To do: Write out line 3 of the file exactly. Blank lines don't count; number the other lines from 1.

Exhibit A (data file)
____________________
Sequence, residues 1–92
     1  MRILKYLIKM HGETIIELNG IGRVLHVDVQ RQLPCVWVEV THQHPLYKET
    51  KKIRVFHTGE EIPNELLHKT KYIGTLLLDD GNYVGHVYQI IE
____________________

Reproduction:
    51  KKIRVFHTGE EIPNELLHKT KYIGTLLLDD GNYVGHVYQI IE